CLAMBERING through white, pasty dun; flapping dead leaves like the ommud, which stuck to our boots by the nipresent, worn-out scarecrows of campound; peering through bitter, cold ouflage. And over in one corner, to mist, which seemed but a thinner skim complete the simile, were a dozen shellof mud; drenched by flurries of icy holes, the homes of voracious ant-lions, drops shaken from the atmosphere by which, for passing insects, were unexa passing moan and a crash; breathing ploded mines, set at hair-trigger. air heavy with a sweet, horrible, pene- My Atta city was only two hundred trating odor such was the world as feet away from the laboratory, in fairly it existed for an hour one night, while high jungle, within sound of the dinner the Commandant of Douaumont and I triangle, and of the lapping waves on wandered about, completely lost, on the the Mazaruni shore. To sit near by and top of his own fort. We finally stum- concentrate solely upon the doings of bled on the little grated opening through these ant-people was as easy as watchwhich the lookout peered unceasingly ing a single circus ring of performing over the landscape of mud. The mist elephants, while two more rings, a maze lifted and we rediscovered the cave-like of trapezes, a race-track, and sideentrance, watched for a moment the shows were in full swing. The jungle ominous golden dumb-bells rising from around me teemed with interesting the première ligne, scraped our boots on happenings and distracting sights and a German helmet, and went down again sounds. The very last time I visited into the strangest sanctuary on earth. the nest, and became absorbed in a line

This was the vision that flashed of incoming ants, I heard the shrill through my mind as I began vigil at an squeaking of an angry hummingbird

I enormous nest of Attas the leaf-cut- overhead. I looked up, and there, ten ting ants of the British Guiana jungle. feet above, was a furry tamandua antIn front of me was a glade, about thirty eater slowly climbing a straight purplefeet across, devoid of green growth and heart trunk, while round and round his filled with a great irregular expanse of head buzzed and swore the little fury earth and mud. Relative to the height - a pinch of cinnamon feathers, ablaze of the Attas, my six feet must seem a with rage. The curved claws of the good half-mile, and from this height I unheeding ant-eater fitted around the looked down and saw again the same trunk, and the strong prehensile tail inconceivably sticky clay of France. flattened against the bark, so that the There were the rain-washed gullies, the creature seemed to put forth no more half-roofed entrances to the vast under- exertion than if walking along a fallen ground fortresses, clean-swept, perfect log. Now and then it stopped and dainroads, as efficient as the arteries of Ver tily picked at a bit of termite nest.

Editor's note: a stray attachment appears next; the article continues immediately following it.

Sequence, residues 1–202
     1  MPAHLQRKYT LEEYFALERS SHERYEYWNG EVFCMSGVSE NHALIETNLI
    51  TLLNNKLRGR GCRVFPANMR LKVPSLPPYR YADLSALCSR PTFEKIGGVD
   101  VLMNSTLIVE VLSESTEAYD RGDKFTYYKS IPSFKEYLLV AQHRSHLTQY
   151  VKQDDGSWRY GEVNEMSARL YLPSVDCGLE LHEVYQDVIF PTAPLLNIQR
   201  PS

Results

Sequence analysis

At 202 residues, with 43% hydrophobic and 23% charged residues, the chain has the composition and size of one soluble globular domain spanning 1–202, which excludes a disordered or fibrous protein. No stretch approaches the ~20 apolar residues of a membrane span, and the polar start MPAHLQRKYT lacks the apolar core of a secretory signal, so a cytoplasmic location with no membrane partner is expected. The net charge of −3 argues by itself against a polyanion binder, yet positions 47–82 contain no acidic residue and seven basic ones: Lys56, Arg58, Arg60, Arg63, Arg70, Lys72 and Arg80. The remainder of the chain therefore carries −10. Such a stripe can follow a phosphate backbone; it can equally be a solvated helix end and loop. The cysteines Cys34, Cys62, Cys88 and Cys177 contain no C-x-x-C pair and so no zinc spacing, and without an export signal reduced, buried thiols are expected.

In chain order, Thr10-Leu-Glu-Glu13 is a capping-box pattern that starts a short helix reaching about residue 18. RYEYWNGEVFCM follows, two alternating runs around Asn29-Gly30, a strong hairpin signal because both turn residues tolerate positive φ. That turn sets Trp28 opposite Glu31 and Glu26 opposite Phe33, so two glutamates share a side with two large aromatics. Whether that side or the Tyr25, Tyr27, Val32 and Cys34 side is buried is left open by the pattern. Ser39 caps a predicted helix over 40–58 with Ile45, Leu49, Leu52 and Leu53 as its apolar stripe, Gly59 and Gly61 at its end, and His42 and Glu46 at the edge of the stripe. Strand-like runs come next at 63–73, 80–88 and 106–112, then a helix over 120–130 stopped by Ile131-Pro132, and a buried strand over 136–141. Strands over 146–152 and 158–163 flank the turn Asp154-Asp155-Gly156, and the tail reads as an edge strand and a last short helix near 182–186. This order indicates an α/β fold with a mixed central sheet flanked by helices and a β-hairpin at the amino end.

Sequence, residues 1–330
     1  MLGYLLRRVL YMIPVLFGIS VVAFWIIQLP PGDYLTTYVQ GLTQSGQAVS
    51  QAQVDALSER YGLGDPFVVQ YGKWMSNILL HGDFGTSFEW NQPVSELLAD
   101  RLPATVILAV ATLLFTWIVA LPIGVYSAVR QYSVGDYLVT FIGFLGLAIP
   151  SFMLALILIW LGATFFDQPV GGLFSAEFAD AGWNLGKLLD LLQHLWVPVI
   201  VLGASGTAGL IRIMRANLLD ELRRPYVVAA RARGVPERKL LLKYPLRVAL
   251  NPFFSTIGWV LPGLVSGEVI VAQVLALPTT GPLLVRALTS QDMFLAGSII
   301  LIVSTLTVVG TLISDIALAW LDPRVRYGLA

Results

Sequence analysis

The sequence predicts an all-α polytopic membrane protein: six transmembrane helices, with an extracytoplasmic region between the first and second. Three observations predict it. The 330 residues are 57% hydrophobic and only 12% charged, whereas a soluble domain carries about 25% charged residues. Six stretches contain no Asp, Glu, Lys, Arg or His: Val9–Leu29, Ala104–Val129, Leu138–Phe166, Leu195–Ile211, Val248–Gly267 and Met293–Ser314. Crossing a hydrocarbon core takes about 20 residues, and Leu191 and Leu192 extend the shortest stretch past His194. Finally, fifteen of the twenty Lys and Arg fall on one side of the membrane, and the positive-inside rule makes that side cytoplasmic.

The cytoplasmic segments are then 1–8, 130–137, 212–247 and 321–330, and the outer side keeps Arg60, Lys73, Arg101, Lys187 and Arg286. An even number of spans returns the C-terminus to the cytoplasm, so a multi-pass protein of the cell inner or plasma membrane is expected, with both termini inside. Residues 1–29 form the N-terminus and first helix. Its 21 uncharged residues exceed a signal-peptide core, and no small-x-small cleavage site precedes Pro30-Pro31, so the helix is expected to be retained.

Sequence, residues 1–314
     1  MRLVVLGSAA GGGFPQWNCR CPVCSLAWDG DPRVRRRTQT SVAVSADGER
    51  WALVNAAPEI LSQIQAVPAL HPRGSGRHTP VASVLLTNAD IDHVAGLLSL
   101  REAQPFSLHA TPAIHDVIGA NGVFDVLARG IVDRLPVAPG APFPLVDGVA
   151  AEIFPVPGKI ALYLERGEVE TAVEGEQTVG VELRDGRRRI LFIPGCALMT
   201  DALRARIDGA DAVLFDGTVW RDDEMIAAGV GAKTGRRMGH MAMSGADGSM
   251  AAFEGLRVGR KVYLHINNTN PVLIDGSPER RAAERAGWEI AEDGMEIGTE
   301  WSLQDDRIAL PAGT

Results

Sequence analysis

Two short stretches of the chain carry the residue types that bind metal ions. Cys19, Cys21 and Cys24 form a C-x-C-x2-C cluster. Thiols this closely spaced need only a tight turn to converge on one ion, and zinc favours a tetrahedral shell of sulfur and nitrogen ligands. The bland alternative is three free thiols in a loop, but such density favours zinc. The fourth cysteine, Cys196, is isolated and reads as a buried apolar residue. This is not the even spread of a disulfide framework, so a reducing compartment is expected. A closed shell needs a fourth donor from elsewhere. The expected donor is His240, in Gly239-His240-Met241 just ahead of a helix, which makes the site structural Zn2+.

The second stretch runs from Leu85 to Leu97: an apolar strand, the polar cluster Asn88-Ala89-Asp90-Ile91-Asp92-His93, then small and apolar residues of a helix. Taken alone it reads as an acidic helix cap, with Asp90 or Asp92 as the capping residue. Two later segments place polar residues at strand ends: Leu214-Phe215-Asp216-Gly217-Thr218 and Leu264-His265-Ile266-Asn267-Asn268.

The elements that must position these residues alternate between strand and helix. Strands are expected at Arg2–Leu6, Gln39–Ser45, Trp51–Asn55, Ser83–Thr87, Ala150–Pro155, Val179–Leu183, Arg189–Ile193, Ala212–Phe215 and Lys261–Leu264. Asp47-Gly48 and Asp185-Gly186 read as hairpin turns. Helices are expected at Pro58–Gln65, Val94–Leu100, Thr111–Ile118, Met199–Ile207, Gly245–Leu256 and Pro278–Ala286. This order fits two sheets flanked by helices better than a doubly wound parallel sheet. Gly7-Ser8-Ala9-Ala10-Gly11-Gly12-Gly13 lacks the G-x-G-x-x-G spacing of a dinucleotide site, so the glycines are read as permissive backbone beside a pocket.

a

With such side-shows it was some- many species of ants, beetles, and times difficult to concentrate on the roaches searching for bits of food the Attas. Yet they offer problems for scavengers of this small world. But the years of study. The glade was a little most interesting were the actual paraworld in itself, with visitors and ten- sites, flies of many colors and sizes, humants, comedy and tragedy, sounds and ming past like little planes and Zeppe

, silences. It was an ant-made glade, lins over this hidden city, ready to drop with all new growths choked either by a bomb in the form of an egg deposited upflung, earthen hillocks, or by leaves on the refuse-heaps or on the ants thembitten off as soon as they appeared. selves. The explosion might come slowThe casual visitors were the most con- ly, but it would be none the less deadly. spicuous: an occasional trogon swoop- Once I detected a hint of the complexity ing across - a flashing, feathered comet of glade life — beautiful metallic green of emerald, azurite, and gold. Or, slow- flies walking swiftly about on long legs, ly drifting in and out among the vines, searching nervously, whose eggs would

, and coming to rest with waving wings, be deposited near those of other fies, a yellow-and-red-spotted Ithomiid—or their larvæ to feed upon the others was it a Heliconiid or a Danaiid? with parasites upon parasites. such bewildering models and marvelous As I had resolutely put the doings of mimics it was impossible to tell without the tree-tops away from my consciouscapture and close examination. Giant

ness, so now I forgot visitors and parapurple tarantula-hawks hummed past, sites, and armed myself for the excavascanning the leaves for their prey. tion of this buried metropolis. I rubbed